In the 1980s Olmerová performed with the Metropolitan Jazz Band, the Steamboat Stompers and with the Senior Dixieland, and occasionally sang with folk and country musicians (Wabi Ryvola among others). In 1986 she recorded the album Dvojčata ("The Twins") with Jitka Vrbová and Hot Jazz Prague. Her health was rapidly deteriorating, due her alcoholism and associated lifestyle. She lived in poor domestic conditions on a low rate of invalidity pension, but continued singing. From 1989 she performed with what was to be her last regular ensemble, the S-band.
Eva Olmerová welcomed the fall of the communist régime in 1989 and visited Václav Havel at Prague Castle, but her health was ruined. Drahomíra Vihanová made a short documentary film about her in 1991 – Proměny přítelkyně Evy ("Changes of Friend Eva"). It generated some harsh critical responses as "naturalistic" and "coarse". Olmerová wanted to take Vihanová to court, but the Czech director Ivan Vyskočil discouraged her.
In her last years, Olmerová performed with the pianist Emil Viklický. During studio rehearsals for her final album, Svíčka a stín ("The Candle and the Shadow") she collapsed, but as soon as she had been treated at hospital she returned to the studio.
Inspiration and styleEdit
Olmerová was an entirely self-taught singer. She claimed to be free of the influences of other singers but admitted to an admiration for Mahalia Jackson and the styles of Frank Sinatra, Dean Martin and Bing Crosby. She referred to Karel Gott, the most popular singer in Czechoslovakia, as having "...a homosexual feeble voice with falsetto". On the Czech jazz scene she was often compared to Bessie Smith and Billie Holiday, both for her voice and her turbulent lifestyle. Czech music critic Jiří Černý compared her to Janis Joplin in one of his reviews. According to Černý, Olmerová's potential for world fame was never realised because of her oppression by two regimes – the Czechoslovak communist regime which banned her performances abroad, and her own "life regime". Vlasta Průchová, another significant singer of her generation, stated that Olmerová "...has everything, what a good jazz singer should have – the feeling, colourful voice and original expression." Her rare feeling for jazz was probably the most valued feature of her style. Her merits as a singer were also appreciated by folk and country bands and aficionados. The somewhat sentimental mood of most contemporary folk and country songs were revitalised under her lively swing and blues singing style.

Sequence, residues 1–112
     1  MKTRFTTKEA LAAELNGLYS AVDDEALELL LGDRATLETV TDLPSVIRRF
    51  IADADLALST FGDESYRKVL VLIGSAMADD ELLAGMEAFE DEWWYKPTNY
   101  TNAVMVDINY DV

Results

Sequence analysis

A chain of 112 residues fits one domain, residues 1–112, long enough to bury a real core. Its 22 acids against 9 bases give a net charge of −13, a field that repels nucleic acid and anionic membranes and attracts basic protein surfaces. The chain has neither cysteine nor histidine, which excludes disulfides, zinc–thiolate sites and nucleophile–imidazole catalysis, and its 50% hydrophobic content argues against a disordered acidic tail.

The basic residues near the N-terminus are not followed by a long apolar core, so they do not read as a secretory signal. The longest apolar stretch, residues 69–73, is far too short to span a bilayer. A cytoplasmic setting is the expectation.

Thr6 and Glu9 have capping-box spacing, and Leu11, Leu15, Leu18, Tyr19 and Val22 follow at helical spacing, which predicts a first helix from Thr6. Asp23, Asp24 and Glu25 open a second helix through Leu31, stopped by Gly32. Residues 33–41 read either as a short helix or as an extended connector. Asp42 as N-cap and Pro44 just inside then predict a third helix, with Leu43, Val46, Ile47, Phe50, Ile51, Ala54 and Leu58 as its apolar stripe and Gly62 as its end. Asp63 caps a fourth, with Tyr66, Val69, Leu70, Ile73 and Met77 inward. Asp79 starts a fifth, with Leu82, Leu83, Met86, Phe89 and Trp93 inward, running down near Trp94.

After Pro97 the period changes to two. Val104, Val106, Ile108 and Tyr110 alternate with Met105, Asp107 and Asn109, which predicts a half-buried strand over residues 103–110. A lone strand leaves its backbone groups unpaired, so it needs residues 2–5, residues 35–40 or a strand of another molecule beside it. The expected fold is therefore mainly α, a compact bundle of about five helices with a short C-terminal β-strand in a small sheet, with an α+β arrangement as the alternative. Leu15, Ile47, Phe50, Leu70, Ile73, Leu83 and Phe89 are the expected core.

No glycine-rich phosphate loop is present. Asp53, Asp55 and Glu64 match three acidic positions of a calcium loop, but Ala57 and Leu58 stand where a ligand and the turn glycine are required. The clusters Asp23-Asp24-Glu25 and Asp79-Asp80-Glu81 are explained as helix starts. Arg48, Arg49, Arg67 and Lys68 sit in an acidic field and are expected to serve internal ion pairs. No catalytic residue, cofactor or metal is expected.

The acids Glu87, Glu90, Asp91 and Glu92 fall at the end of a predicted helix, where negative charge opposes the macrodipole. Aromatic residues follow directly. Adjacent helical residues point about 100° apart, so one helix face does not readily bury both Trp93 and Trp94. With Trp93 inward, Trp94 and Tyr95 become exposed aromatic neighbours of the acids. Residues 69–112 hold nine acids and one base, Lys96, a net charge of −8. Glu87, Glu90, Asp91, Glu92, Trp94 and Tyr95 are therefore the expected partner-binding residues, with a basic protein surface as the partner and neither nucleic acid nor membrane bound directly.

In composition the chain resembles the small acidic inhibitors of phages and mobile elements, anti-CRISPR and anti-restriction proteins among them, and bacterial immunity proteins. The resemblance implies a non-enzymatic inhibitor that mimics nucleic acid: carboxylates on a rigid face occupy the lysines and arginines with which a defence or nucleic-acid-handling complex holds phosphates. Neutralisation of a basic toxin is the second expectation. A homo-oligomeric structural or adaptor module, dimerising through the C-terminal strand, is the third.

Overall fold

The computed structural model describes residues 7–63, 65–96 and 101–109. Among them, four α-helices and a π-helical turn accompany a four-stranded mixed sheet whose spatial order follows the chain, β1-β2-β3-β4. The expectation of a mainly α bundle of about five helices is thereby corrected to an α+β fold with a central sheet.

- Jazz Feeling', Supraphon (1969, 2001)
- Eva Olmerová & The Traditional Jazz Studio, Supraphon (1974)
- Zahraj i pro mne, Panton (1980)
- Vítr rváč, Panton (1983), Supraphon (2005)
- Dvojčata, Supraphon (1987)
- Svíčka a stín, Panton (1992)
- Legenda – Eva Olmerová, Sony (2008)
- "Eva Olmerová" (in Czech). Reflex.cz. Retrieved 29 May 2009.
- "Czech jazz legend Eva Olmerová". Radio Prague. Retrieved 29 May 2009.
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- Kříženecký (2007), p. 43
- "Eva Olmerová" (PDF). Josef Vejvoda's official web site. Archived from the original (PDF) on 18 July 2011. Retrieved 1 June 2009.
- Kříženecký (2007), p. 55-56
- Kříženecký (2007), p. 62
- Kříženecký (2007), p. 64
- Kříženecký (2007), p. 106-107
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- Kříženecký (2007), p. 148-149
- Kříženecký (2007), p. 152
- Kříženecký (2007), p. 213
- Kříženecký (2007), p. 216
- Kříženecký (2007), p. 224
- "Legenda Eva Olmerová" (in Czech). České noviny. Archived from the original on 18 July 2011. Retrieved 1 June 2009.
- Kříženecký (2007), p. 243
- Kříženecký (2007), p. 12
- Kříženecký (2007), p. 141
- Kříženecký (2007), p. 246
- Kříženecký (2007), p. 137
- Kříženecký (2007), p. 176